NBC Shapes Up for Olympic Ad Push


NBC Cable Networks vice president of local ad sales Brian Hunt — a former Tele-Communications Inc. sales executive — believes he knows what affiliates are looking for in terms of sales support.

With that in mind, Hunt guided the development of NBC Cable's extensive affiliate sales kit for the 2002 Salt Lake City Winter Olympics. Since early May, he's visited all the MSOs — and he's received some positive feedback.

Both AT&T Broadband senior vice president Judi Heady and Cox Communications Inc. vice president of ad sales Billy Farina told Multichannel News
they're happy with the kits and look forward to using them to generate local sales leads.

The local ad-sales window for CNBC and MSNBC affiliates officially opened on May 9.

There are three minutes of local avails per hour, which translates into 1,100 30-second spots. CNBC's spots are available once the financial markets close; MSNBC's inventory is spread across daytime and late-night dayparts.

For last year's Summer Olympics in Sydney, Australia, NBC offered cable affiliates 1,600 local units across 268 hours of cable coverage.

Sales kits were mailed to 750 affiliate and interconnect ad-sales offices in early May and handed to attendees at that month's Cabletelevision Advertising Bureau Local Cable Sales Management Conference. Their centerpiece: a pair of CD-ROMs containing research data; Olympic rules and restrictions pertaining to sponsorships; and a DVD-based sales-training video.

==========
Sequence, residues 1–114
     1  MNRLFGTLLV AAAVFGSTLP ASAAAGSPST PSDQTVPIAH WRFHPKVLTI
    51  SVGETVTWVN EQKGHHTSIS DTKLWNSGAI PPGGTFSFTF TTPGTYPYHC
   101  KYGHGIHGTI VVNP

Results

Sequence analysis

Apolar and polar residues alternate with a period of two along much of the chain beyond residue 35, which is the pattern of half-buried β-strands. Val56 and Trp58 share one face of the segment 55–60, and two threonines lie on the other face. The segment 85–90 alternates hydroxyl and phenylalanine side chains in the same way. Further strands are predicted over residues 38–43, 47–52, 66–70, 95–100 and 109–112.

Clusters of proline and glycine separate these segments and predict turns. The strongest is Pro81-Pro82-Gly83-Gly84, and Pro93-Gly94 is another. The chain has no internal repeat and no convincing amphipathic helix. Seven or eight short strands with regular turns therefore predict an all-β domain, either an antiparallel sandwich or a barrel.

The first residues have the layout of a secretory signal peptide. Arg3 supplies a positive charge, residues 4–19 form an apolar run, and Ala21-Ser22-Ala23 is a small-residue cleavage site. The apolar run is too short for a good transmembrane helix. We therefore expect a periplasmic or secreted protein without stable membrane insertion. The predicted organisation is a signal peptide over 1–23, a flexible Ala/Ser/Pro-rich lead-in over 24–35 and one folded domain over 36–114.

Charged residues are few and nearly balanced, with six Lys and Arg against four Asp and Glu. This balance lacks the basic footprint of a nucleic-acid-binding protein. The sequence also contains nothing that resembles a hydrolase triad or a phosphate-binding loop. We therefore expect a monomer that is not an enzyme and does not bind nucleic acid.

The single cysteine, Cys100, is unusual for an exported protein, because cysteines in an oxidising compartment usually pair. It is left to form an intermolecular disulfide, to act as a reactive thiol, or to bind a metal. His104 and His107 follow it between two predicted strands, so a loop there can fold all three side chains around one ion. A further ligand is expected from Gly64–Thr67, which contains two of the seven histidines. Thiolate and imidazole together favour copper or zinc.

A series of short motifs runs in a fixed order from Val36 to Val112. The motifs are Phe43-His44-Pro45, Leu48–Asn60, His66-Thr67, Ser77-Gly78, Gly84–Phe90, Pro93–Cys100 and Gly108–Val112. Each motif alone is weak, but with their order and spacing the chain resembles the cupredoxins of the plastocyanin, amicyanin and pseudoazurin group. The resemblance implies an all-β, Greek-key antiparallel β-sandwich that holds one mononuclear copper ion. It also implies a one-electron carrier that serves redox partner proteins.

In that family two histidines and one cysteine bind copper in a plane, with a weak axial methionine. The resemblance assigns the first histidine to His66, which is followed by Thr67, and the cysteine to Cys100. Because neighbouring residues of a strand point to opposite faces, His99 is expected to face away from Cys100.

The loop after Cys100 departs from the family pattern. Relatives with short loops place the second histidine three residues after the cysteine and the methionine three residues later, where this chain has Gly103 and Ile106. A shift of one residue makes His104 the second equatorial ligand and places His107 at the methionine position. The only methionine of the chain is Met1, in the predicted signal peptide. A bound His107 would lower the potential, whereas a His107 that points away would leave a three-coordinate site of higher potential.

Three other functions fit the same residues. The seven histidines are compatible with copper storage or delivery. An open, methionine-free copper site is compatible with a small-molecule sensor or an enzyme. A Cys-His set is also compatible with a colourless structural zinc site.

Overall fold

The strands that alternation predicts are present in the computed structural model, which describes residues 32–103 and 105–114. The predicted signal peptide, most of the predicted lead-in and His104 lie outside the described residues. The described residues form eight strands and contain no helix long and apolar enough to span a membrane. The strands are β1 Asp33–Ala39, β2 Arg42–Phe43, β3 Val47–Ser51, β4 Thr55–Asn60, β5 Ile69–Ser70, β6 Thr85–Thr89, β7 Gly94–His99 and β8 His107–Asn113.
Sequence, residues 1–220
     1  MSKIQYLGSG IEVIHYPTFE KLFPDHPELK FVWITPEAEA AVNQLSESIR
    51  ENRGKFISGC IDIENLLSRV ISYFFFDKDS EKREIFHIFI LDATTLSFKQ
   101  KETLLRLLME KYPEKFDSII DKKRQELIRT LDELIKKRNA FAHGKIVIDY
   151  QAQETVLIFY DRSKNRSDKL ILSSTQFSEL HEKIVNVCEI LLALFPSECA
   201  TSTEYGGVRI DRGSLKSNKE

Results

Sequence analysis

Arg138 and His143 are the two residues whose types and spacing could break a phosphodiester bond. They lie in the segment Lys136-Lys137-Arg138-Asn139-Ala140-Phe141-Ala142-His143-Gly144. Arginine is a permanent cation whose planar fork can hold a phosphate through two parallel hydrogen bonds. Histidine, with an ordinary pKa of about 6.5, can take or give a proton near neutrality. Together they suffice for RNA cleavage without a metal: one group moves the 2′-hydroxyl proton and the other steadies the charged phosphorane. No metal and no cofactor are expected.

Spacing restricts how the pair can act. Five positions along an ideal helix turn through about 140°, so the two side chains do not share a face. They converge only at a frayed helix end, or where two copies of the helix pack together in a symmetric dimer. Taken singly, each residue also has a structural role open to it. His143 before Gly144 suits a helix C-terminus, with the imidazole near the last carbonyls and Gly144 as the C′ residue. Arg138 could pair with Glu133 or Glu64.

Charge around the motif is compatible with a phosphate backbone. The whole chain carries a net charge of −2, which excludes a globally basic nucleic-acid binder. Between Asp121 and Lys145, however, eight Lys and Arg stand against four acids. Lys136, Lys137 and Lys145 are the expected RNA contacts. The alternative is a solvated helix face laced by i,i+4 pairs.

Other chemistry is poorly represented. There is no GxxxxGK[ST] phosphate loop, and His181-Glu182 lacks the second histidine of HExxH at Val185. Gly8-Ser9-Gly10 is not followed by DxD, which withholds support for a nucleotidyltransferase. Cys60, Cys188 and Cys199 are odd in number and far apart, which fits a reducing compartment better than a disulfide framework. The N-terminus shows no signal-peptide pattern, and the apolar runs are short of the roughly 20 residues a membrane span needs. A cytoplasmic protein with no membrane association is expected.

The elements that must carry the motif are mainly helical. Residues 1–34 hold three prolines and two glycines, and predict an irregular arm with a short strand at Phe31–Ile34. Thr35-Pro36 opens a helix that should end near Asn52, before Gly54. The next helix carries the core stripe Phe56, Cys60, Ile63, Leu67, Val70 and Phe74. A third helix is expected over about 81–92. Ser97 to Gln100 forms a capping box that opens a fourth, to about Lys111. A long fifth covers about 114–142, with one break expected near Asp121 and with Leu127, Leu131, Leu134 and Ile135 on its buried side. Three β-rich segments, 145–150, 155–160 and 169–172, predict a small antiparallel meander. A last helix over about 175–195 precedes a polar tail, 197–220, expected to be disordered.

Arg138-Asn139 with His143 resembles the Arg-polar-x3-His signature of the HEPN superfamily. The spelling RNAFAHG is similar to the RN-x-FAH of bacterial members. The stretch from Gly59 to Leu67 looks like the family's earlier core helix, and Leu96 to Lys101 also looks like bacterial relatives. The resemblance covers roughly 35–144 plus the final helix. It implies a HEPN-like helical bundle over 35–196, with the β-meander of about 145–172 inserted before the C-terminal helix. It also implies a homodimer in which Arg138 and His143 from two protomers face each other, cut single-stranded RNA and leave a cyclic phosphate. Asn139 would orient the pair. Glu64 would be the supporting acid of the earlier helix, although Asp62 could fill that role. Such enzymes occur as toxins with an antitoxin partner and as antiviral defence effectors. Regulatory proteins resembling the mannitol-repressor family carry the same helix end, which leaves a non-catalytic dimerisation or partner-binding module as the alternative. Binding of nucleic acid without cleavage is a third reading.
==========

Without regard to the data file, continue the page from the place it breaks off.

NBC Cable also is offering affiliates two versions of an "Official Tune-in Viewer's Guide." The guide — which MSOs may customize by placing their logo on the cover — can be sold at any retail outlet that doesn't compete with a U.S. Olympic Committee sponsor. A condensed 16-page version can be given away free as part of an in-store or direct-mail promotion.

Affiliates also received three taggable promo spots for either broadcast or cable placement. Another eight taggable spots — exclusively for cable — will be shipped out in September or October.


Unlike the Sydney Games and most other past Olympics, the Salt Lake City events will air mostly live. It's the first primarily live, domestic Winter Olympics since the 1980 competition in Lake Placid, N.Y. — and that "ratchets up the excitement" for both viewers and sponsors, said NBC Cable Distribution president David Zaslav.

Cox's Farina agreed with that assessment.

The nine-month sales lead time for the Salt Lake Games is the same affiliates had for Sydney. But last time out, such major MSOs as Time Warner Cable and Comcast Corp. had only a few weeks to sell ads because they hadn't struck an Olympic carriage deal. This time will be different.

"All the Olympic MSO [carriage] deals are now in place," said Hunt.

Unsurprisingly, the late-starting MSOs reported disappointing Olympic sales.

"We made some hay with it," said Comcast senior vice president of ad sales Roger Sverdlik, "though we certainly didn't make a killing, since we came in late."

Cable One Inc. was also late out of the Olympic sales blocks. The MSO was also hampered by "not having solid insertion in all our markets for CNBC and MSNBC," said vice president of ad sales Ron Pancratz.

On the other hand, Zaslav said, "many [MSOs] did very well" in generating [local] Olympic dollars.

AT&T Broadband and Cox were the first MSOs to come aboard — in June and September of 1999, respectively — by both renewing carriage of MSNBC and CNBC and signing NBC Cable's long-term Olympic carriage pact (through 2008). That deal includes a $1-per-year, per-subscriber surcharge.